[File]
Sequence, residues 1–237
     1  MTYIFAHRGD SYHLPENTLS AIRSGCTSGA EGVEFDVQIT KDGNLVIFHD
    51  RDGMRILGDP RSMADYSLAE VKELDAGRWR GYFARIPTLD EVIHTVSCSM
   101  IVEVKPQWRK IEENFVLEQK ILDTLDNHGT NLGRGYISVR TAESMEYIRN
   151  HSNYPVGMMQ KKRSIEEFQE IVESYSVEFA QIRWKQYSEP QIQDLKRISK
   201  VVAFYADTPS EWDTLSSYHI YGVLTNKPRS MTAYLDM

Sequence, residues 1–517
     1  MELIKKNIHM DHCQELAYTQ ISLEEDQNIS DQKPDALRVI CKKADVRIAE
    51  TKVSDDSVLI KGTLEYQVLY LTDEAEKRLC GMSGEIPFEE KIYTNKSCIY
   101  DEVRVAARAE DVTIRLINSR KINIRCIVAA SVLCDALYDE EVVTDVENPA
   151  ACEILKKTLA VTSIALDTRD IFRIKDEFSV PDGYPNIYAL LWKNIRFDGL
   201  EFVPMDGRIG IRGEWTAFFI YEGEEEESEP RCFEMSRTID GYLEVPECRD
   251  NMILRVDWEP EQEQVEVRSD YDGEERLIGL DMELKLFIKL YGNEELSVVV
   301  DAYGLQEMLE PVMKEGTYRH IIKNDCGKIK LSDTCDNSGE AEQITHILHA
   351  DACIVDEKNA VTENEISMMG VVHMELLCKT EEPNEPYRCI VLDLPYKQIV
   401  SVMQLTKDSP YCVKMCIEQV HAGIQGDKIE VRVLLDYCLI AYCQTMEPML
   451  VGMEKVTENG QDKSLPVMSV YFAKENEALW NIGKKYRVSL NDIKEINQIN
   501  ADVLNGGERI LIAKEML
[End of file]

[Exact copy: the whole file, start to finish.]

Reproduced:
Sequence, residues 1–237
     1  MTYIFAHRGD SYHLPENTLS AIRSGCTSGA EGVEFDVQIT KDGNLVIFHD
    51  RDGMRILGDP RSMADYSLAE VKELDAGRWR GYFARIPTLD EVIHTVSCSM
   101  IVEVKPQWRK IEENFVLEQK ILDTLDNHGT NLGRGYISVR TAESMEYIRN
   151  HSNYPVGMMQ KKRSIEEFQE IVESYSVEFA QIRWKQYSEP QIQDLKRISK
   201  VVAFYADTPS EWDTLSSYHI YGVLTNKPRS MTAYLDM

Sequence, residues 1–517
     1  MELIKKNIHM DHCQELAYTQ ISLEEDQNIS DQKPDALRVI CKKADVRIAE
    51  TKVSDDSVLI KGTLEYQVLY LTDEAEKRLC GMSGEIPFEE KIYTNKSCIY
   101  DEVRVAARAE DVTIRLINSR KINIRCIVAA SVLCDALYDE EVVTDVENPA
   151  ACEILKKTLA VTSIALDTRD IFRIKDEFSV PDGYPNIYAL LWKNIRFDGL
   201  EFVPMDGRIG IRGEWTAFFI YEGEEEESEP RCFEMSRTID GYLEVPECRD
   251  NMILRVDWEP EQEQVEVRSD YDGEERLIGL DMELKLFIKL YGNEELSVVV
   301  DAYGLQEMLE PVMKEGTYRH IIKNDCGKIK LSDTCDNSGE AEQITHILHA
   351  DACIVDEKNA VTENEISMMG VVHMELLCKT EEPNEPYRCI VLDLPYKQIV
   401  SVMQLTKDSP YCVKMCIEQV HAGIQGDKIE VRVLLDYCLI AYCQTMEPML
   451  VGMEKVTENG QDKSLPVMSV YFAKENEALW NIGKKYRVSL NDIKEINQIN
   501  ADVLNGGERI LIAKEML